The scooter can even cruise at around 80kmph on the highway without much stress on the engine. But overtaking at this speed requires a lot of planning and contemplation. The whole riding experience is accentuated by the throaty and rough exhaust note which gives it a character of its own.
Complementing its potent engine is the sharp handling of the SR 160. Reiterating what has already been said so many times before — the handling of this scooter is quite close to a motorcycle. That’s mainly because of its rigid chassis and large 14-inch wheels. The SR is light on its feet and changes directions pretty quickly. Most of our time spent with the scooter was in the city where it hugely impressed us with its agility. Although we couldn't show it some nice tight and sweeping corners, we are sure it will be pretty engaging and enjoyable there as well.
And when it's time to stop the scooter, the brakes of the SR turn out to be very proficient for the job. The front brake has tremendous bite and sheds speed in no time. Even the ABS kicks in at appropriate times. This is coupled with a fantastic feel from the lever. It's almost the same story with the rear brake as well, which offers a great balance of bite and progression.
The stiff ride quality of the SR was a major issue back in its BS4 form. Then with the BS6 transition, Piaggio worked on making it a bit plusher. However, it continues to be uncomfortable as the road conditions deteriorate. As the scooter goes over sharp bumps, rumblers, or deep potholes, all the shock is transferred to your back for the most part. Even increasing the speed doesn't help. As for the front, it feels even more jarring and crude, hampering the overall ride.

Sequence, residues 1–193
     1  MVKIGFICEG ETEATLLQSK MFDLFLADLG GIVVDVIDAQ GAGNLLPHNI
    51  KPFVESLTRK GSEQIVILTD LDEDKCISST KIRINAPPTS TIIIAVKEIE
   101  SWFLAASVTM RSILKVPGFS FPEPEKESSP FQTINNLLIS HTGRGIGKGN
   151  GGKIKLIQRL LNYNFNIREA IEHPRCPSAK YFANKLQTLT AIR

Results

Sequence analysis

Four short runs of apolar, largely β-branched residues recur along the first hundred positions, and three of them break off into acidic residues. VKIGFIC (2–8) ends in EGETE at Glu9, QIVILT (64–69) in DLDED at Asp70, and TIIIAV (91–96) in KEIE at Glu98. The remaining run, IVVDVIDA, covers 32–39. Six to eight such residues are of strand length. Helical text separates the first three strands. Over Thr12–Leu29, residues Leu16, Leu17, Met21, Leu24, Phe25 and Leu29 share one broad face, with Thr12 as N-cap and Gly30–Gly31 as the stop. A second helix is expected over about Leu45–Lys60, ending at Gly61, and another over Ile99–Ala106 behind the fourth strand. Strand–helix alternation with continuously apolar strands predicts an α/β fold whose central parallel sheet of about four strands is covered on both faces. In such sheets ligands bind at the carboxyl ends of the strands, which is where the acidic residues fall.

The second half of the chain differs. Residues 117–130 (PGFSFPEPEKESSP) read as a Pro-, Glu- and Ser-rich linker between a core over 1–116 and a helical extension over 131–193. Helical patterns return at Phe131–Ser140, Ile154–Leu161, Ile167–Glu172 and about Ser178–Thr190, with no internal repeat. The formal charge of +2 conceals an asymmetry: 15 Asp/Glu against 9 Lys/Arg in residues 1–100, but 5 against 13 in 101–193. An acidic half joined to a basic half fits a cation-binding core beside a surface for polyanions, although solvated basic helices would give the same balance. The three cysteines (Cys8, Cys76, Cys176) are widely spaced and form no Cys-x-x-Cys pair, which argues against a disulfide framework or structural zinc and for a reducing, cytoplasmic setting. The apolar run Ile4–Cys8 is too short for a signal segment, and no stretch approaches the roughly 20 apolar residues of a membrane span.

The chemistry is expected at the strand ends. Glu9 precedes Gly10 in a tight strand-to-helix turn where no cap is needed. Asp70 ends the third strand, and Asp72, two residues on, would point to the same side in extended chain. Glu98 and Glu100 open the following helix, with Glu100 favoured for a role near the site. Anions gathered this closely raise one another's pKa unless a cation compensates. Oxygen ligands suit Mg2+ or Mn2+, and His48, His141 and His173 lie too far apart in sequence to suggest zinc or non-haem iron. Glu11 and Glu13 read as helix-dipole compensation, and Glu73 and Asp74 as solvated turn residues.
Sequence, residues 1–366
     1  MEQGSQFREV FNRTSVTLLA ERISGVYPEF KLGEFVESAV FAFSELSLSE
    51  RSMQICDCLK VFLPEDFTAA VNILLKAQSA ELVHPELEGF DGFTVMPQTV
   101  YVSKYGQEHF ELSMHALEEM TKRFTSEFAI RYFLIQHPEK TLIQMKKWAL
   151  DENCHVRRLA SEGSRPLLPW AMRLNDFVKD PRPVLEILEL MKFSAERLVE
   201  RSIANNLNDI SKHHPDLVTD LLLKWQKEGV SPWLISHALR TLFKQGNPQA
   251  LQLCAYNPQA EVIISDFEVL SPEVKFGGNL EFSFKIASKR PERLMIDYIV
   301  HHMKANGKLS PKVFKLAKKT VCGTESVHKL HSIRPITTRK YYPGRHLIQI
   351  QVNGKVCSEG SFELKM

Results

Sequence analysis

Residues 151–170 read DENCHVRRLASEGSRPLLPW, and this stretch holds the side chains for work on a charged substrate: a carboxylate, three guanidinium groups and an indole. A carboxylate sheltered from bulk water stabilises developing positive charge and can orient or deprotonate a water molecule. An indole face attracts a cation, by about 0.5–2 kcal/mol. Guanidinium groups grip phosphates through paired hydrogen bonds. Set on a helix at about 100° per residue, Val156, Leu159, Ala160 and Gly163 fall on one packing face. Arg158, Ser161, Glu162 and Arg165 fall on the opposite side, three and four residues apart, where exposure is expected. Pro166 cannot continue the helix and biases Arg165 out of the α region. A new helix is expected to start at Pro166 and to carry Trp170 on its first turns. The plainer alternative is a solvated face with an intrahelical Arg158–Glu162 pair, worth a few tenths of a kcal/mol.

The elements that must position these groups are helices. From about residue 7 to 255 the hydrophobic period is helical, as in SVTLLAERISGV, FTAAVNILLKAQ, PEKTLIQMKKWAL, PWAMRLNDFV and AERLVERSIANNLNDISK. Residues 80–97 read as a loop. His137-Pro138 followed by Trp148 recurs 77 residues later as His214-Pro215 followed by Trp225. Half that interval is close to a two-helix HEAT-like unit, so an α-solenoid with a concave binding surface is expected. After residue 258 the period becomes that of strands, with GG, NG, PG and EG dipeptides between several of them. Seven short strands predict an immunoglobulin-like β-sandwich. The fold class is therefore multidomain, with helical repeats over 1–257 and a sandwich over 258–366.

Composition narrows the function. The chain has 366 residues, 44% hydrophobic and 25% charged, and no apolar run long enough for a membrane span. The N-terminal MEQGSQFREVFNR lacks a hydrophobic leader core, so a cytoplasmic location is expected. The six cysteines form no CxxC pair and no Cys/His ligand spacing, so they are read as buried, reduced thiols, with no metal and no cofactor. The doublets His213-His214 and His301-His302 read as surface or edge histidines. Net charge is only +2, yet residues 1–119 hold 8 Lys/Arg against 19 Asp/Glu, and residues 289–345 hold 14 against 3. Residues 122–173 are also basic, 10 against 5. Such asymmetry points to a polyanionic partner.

In the quest of giving the SR 160 a sporty and minimalist look, Aprilia has compromised on the utility front. The footboard of the scooter continues to be a cramped unit and it's difficult to accommodate things like a backpack with your feet occupying most of the space. And the under-seat storage space isn't very impressive either. But on the positive side, Piaggio has installed a boot lamp and a USB charger under the seat.
The Aprilia SR 160 was already an exciting and unique product. It incorporates a powerful engine, its handling is sharp and precise, and the brakes are phenomenal. And with the new updates, it has become even more desirable. It’s undoubtedly priced on the higher side, more so after the recent hike which is substantial. But then Piaggio has always intended to place its products on the premium side of the spectrum.
Unfortunately, there’s some bitterness in the whole recipe. The scooter is so focused on delivering fun and excitement, that it demands you to compromise on convenience and practicality like a comfortable ride and enough storage space. To conclude, the SR 160 is majorly for those riders whose requirements and intentions are very clear — to own an outright sport scooter.
Photography by Kapil Angane